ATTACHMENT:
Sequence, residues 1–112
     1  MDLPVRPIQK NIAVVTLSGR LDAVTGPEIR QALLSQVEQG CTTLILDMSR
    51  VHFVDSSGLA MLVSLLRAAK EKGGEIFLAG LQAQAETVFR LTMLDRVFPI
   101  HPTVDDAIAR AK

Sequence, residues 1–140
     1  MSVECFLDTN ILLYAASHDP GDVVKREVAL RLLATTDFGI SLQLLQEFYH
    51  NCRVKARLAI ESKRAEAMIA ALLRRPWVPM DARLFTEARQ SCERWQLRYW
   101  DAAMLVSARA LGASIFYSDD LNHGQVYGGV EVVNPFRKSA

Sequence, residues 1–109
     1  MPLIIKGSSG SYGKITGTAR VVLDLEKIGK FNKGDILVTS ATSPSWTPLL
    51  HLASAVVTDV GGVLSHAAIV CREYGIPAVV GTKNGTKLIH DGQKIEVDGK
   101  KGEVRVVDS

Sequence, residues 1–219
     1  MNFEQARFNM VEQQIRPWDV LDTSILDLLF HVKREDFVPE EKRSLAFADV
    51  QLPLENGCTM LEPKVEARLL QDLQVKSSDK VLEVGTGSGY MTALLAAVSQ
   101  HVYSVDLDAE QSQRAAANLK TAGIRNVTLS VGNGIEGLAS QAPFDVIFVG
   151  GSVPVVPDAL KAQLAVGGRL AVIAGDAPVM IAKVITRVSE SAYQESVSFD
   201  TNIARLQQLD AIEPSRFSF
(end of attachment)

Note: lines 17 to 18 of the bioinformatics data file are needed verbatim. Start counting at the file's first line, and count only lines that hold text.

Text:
   151  GSVPVVPDAL KAQLAVGGRL AVIAGDAPVM IAKVITRVSE SAYQESVSFD
   201  TNIARLQQLD AIEPSRFSF